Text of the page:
The Saudi Minister of Hajj and Umrah Mohammad Saleh bin Taher Benten said on his Twitter account that the smart card will contain the pilgrim’s information and documentation instead of them having to carry official documents, like their passport.
He added that the cards have already come into force and will be distributed among all Hajj pilgrims starting next year, adding that the new system was used by 150 pilgrims during this year’s Hajj.
He pointed out that the new smart card is powered by a battery that runs for up to two years, noting that it also stores each pilgrim’s health information.
The Ministry of Hajj and Umrah also developed a smartphone app for smart ID services. These include guiding pilgrims to different holy sites in Mecca and identifying crowd behaviour in their current location, said Tariq al-Jabri, an information technology consultant at the Ministry.
In addition to the app, he added that there are approximately 3,000 screens at holy sites in Mecca to help pilgrims with directions as well.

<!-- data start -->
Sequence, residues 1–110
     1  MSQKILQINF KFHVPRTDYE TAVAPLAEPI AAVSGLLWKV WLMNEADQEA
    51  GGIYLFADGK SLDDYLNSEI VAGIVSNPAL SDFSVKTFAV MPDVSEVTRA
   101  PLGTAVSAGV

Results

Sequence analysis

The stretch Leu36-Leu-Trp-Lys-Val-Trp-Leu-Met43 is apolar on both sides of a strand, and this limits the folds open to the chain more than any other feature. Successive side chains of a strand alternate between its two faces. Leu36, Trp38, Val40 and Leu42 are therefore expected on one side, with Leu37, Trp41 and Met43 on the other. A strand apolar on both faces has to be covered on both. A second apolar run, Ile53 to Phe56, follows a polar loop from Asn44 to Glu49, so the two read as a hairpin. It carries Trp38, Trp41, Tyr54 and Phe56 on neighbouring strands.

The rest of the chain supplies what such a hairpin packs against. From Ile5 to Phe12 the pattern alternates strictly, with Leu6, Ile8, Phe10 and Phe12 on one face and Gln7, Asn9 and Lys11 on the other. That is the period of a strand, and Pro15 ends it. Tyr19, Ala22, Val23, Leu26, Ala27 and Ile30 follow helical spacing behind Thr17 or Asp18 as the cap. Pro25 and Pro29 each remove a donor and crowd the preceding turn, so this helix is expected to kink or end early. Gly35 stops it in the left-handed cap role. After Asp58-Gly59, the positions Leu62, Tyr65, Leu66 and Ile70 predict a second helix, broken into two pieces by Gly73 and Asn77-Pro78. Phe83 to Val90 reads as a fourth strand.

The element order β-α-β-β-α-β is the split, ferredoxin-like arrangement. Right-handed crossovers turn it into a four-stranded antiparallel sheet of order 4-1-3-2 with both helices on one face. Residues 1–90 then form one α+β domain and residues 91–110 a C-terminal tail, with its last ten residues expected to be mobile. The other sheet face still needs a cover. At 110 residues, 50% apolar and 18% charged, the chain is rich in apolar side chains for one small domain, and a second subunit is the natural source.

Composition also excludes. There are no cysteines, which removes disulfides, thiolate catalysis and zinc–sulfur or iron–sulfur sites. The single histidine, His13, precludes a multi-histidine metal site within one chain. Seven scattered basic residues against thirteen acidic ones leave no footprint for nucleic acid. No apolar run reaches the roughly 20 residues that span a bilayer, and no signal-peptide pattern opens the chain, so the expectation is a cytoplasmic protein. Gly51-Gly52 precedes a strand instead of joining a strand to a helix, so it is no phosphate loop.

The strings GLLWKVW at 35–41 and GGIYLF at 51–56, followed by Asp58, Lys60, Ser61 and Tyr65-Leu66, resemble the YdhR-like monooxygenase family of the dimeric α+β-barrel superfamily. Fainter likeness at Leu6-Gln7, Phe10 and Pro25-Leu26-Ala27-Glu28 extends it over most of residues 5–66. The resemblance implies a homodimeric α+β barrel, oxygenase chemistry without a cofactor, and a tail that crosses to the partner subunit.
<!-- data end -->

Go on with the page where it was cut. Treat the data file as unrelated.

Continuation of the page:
The system was put to test this year and managed by a control room located in Mina.
More than 2.5 million people performed the Islamic pilgrimage this year in Mecca. The Kingdom issued more than 1.8 million electronic visas for the 2019 Hajj season, its Ministry of Foreign Affairs announced earlier.
The hajj pilgrimage is one of the five pillars of Islam which every Muslim is required to complete at least once in their lifetime, if they are healthy enough and have the means to do so.
All capable Muslims are required to perform the Hajj pilgrimage, one of the five pillars of Islam, once in their lifetime.
Saudi authorities said more than 2.37 million Muslims from around the world took part in last year’s pilgrimage.